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Maryland Legislature Passes Early Care and Education Legislation Package

by Clinton Macsherry, Director of Public Policy
Maryland Family Network

As Maryland political observers might readily have forecast, change and unpredictability ushered in the 2020 Legislative Session. Seismic shifts at the pinnacles of leadership in both the Senate and House of Delegates sent aftershocks rippling through the General Assembly power structure. But no one could have foreseen the upheaval that ensued. The outbreak of the COVID-19 pandemic unleashed death, illness, and disruption on a global scale not witnessed in a century.  

Annapolis, of course, was not immune. Faced with a rapidly intensifying public health emergency, the Governor and legislative leaders in mid-March barred public entry to the State House office complex, casting an eerily depopulated pall over buildings normally bustling with staff, advocates, and other citizens. As the situation grew even more dire, the Session abruptly closed on March 18, three weeks ahead of schedule — the first early adjournment since the Civil War.  
And yet, amid the most trying circumstances many can remember, the Session concluded with an extraordinary flurry of activity. With only a smattering of legislation finalized even the week before, the General Assembly enacted more than 650 bills in its final three days. Faced with spotty internet connections and unstaffed legislative offices, Maryland Family Network (MFN) struggled remotely to keep abreast and weigh in on critical matters, when possible. The sprint to the finish included not only the passage of a challenging FY 2021 budget, but several major pieces of education legislation. Chief among them was the landmark “Blueprint for Maryland’s Future,” which embodies the most dramatic strides in early childhood education in decades. While the uncertainly that marked the beginning of the 2020 Session remains in even greater force, the “Blueprint” legislation — like the pandemic itself — will mark a point in Maryland history.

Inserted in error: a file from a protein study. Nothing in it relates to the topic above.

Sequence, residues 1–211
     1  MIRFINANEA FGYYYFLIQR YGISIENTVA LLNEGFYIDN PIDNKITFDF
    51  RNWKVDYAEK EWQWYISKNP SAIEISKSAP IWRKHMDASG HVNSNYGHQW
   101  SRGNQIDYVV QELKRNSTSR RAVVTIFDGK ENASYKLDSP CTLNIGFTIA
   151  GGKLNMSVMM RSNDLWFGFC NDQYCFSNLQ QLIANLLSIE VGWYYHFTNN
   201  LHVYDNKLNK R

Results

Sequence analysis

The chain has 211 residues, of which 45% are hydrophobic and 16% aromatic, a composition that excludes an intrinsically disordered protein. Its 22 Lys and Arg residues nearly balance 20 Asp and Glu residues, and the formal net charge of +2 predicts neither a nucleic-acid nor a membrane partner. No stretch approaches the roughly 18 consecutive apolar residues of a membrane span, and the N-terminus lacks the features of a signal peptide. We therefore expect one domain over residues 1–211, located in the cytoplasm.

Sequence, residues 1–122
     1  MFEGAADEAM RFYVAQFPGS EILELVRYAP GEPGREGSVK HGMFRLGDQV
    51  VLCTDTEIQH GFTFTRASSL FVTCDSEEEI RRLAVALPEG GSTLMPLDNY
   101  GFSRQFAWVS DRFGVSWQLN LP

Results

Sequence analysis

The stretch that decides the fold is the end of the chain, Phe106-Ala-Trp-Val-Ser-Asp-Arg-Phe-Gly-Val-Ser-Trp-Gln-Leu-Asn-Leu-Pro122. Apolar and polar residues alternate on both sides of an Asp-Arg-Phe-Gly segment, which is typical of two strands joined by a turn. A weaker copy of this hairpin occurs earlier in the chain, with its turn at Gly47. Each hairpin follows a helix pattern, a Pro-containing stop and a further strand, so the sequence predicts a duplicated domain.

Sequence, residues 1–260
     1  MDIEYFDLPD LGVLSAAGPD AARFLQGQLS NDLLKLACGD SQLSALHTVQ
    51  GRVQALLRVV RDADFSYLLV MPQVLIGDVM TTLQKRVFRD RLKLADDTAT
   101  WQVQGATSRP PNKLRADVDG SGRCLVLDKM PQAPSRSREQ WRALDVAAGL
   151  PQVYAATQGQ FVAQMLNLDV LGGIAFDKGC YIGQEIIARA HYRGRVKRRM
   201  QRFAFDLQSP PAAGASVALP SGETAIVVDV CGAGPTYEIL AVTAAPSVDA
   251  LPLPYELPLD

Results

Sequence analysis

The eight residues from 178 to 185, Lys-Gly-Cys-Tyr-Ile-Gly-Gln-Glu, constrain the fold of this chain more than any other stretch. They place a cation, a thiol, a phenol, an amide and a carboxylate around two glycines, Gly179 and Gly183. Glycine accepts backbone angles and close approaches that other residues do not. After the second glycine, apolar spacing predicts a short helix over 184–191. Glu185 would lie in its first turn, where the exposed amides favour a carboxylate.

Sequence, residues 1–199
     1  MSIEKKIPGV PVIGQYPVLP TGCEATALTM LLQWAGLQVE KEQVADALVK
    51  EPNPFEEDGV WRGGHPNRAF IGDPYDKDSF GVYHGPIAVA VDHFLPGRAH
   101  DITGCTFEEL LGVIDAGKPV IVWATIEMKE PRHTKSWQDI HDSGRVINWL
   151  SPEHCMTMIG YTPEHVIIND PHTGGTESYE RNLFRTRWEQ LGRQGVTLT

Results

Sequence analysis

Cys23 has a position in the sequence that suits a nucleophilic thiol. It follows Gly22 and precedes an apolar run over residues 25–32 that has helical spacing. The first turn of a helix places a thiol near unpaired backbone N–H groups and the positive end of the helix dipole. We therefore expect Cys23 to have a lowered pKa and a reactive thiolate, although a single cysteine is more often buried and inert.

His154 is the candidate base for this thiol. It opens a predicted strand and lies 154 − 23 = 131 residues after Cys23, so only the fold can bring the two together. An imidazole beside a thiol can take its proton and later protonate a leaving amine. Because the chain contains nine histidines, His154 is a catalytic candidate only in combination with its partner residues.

Key Victory

HB 1300 “Blueprint for Maryland’s Future”
Based on the recommendations of the blue-ribbon Kirwan Commission, the “Blueprint” legislation will institute sweeping reforms in the K-12 education system and lead to dramatic strides in early care and education. Its key early childhood provisions include a vast expansion of public pre-k in schools and child care programs, enhanced professional development for providers, new funding for the Maryland Infants and Toddlers Program, and the creation of 135 new Judy Centers and 30 new Family Support Centers over the next 10 years. The “Blueprint” represents a triumph of MFN’s efforts in these areas and is arguably the state’s most important piece of legislation in decades. Although the Governor vetoed the bill on May 7, it passed the General Assembly with overwhelming majorities, and a vigorous override campaign is expected.

Unfinished Business

HB 839 / SB 539 “Time to Care Act”
Introduced for a second consecutive year, the Time to Care Act made tremendous progress but sadly fell short of success. It sought to establish an insurance fund to provide partial wage replacement for workers taking time away from jobs to care for new babies, loved ones with serious health conditions or disabilities, or themselves.  The U.S. is the only industrialized country that lacks a paid family and medical leave program, and Maryland would have become the ninth state to establish one. The bill was under active negotiation until early adjournment become inevitable; no final vote on the legislation was taken. Ironically, the pandemic has itself spotlighted this critical need.  

Looking Ahead

The pandemic’s negative impact on the state budget will almost certainly be severe, and allocations to critical programs are vulnerable to potential cuts.  Even before the pandemic struck, the Governor had indicated serious reservations about the “Blueprint” legislation, so his veto was not entirely unexpected. The timing of an override vote will depend on whether the General Assembly convenes a Special Session in the coming months or waits until the opening of the 2021 Session. In the meantime, Maryland’s young children and families face challenges no one would have imagined a short while ago, and child care providers are struggling for their survival at a time when they will be utterly indispensable to economic recovery. MFN must redouble its public policy efforts to protect and advance all their interests.
Maryland Family Network gratefully acknowledges the strong support of the Alliance for Early Success.

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